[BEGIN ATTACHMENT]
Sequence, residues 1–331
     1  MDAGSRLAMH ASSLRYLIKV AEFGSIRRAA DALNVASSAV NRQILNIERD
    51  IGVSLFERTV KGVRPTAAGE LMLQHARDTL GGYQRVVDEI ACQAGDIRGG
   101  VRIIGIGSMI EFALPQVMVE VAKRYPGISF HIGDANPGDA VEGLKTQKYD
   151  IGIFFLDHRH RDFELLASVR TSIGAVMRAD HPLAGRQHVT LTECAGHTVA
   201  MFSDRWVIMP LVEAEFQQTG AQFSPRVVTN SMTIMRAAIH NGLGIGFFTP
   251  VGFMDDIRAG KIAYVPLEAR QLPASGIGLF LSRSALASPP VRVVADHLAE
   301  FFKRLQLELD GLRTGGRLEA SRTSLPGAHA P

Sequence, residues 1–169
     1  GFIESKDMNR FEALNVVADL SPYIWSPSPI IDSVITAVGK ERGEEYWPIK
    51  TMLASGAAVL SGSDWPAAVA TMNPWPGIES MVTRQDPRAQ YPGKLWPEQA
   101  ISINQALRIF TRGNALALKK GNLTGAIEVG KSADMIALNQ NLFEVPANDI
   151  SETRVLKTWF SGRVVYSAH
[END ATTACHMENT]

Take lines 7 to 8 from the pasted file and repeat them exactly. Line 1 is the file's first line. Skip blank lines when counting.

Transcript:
   251  VGFMDDIRAG KIAYVPLEAR QLPASGIGLF LSRSALASPP VRVVADHLAE
   301  FFKRLQLELD GLRTGGRLEA SRTSLPGAHA P